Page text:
American Arbitration Association revises construction rules
By:   //  Arbitration, Consumer News

by Carol Thompson

The American Arbitration Association has revised the rules governing the construction industry, effective July 1, expanding the powers of the arbitrator and may alter traditional assumptions underlying the selection of arbitration as a dispute resolution process for construction projects.

The rules now provide a procedure for emergency relief that may result in more mid-project disputes being taken to arbitration or court, as the new Rule R-39 provides a party can seek emergency relief from either the AAA or a court, without violating the agreement to arbitrate, according to JD Supra Business Advisor. Also, the arbitrator is now expressly provided with the authority to sanction parties for violating his/her orders, and with specific authority to manage the discovery process and enforce compliance.

A new rules states, “Enforcement Powers of the Arbitrator, has been introduced to explicitly provide the arbitrator with the “authority to issue any orders necessary to enforce the provisions of Rules R-23 and R-24 and to otherwise achieve a fair, efficient and economical resolution of the case.” Examples provided include issuance of confidentiality orders to protect confidential information, imposition of electronic search parameters, and allocation of costs of document production. Most importantly, however, Rule R-25 provides that the arbitrator may draw adverse inferences, exclude evidence, and award costs in the event of a party’s ‘willful non-compliance’ with an order of the arbitrator.”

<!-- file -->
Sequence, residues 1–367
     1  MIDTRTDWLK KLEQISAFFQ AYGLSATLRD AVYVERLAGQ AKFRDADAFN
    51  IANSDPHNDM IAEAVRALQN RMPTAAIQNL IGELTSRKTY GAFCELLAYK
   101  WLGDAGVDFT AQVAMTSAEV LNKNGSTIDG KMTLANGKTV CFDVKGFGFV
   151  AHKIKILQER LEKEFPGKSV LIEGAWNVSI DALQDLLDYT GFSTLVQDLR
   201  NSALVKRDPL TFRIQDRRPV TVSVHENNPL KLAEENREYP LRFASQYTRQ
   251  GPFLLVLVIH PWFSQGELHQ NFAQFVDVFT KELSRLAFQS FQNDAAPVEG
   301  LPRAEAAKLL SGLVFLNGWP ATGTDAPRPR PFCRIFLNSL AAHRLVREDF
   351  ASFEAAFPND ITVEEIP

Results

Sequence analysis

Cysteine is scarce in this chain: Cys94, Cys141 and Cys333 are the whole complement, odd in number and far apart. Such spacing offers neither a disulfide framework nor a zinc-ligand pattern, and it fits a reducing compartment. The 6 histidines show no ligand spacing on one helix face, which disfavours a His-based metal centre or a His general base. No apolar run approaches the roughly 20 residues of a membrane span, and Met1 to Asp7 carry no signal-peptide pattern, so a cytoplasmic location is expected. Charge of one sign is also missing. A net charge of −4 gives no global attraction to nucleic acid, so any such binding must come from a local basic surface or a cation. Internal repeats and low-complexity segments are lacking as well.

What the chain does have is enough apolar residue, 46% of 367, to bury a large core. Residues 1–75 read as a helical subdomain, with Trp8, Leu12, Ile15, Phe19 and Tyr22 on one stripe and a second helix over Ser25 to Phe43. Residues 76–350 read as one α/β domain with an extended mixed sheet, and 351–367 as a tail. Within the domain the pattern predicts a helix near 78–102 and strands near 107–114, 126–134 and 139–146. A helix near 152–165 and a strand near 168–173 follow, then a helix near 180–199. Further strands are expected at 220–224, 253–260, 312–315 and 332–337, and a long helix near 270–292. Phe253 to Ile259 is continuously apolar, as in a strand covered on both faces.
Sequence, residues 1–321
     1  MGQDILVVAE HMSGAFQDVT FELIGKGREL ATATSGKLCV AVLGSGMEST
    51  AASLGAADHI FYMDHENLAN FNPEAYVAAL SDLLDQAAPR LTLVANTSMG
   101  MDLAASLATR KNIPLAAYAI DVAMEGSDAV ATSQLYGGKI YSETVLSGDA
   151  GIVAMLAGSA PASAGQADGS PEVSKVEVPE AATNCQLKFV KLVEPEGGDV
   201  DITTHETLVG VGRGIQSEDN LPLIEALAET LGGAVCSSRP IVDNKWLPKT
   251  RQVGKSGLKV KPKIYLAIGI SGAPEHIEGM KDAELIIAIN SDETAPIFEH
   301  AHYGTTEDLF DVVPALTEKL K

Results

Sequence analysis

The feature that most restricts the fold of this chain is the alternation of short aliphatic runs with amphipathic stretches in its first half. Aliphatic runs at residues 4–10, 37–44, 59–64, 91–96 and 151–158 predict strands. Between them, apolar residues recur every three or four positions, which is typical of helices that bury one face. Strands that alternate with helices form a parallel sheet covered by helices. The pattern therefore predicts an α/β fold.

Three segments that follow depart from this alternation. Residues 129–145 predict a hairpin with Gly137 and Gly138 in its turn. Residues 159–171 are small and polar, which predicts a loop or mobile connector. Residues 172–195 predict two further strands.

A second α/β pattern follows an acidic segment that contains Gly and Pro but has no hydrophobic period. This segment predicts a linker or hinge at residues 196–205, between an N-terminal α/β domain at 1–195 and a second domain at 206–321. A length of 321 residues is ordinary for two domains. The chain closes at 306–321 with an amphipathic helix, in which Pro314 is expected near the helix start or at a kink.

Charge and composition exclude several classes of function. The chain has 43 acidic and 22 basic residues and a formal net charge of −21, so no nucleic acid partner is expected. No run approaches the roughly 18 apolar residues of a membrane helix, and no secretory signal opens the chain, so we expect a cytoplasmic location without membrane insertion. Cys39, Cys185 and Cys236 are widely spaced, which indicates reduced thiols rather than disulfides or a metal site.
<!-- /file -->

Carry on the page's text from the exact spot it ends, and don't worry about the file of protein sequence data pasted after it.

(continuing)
JD Supra Business Advisor also noted another new rule that “allows the arbitrator to entertain motions disposing of ‘all or part of a claim, or narrow[ing] the issues in a case.’”


Another new rule is sanctions, whereby the arbitrator now has the authority to “order appropriate sanctions” when a party does not comply with the arbitrator’s orders or the party’s obligations under the rules. Although the rule expressly prohibits entering a default award as a sanction, it allows for sanctions “limit[ing a] party’s participation in the arbitration” and adversely determining issues, provided the order is explained in writing and evidence and argument were submitted.

Arbitration has been under scrutiny since spring when the Consumer Financial Protection Bureau (CFPB) released a lengthy report sharply criticizing the arbitration process.

Since that time, there has been more consumer awareness. The CFPB reported that few were even aware of the arbitration clauses hidden in their consumer contracts, nor did they realize they were giving up their right to take disputes to court.

Image: Flickr/Brian Turner

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